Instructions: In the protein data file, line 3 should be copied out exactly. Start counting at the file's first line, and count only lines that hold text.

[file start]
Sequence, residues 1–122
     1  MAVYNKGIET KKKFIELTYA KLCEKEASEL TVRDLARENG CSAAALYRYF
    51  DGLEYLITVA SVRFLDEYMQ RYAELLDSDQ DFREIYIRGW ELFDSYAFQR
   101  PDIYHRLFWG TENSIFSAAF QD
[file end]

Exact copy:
    51  DGLEYLITVA SVRFLDEYMQ RYAELLDSDQ DFREIYIRGW ELFDSYAFQR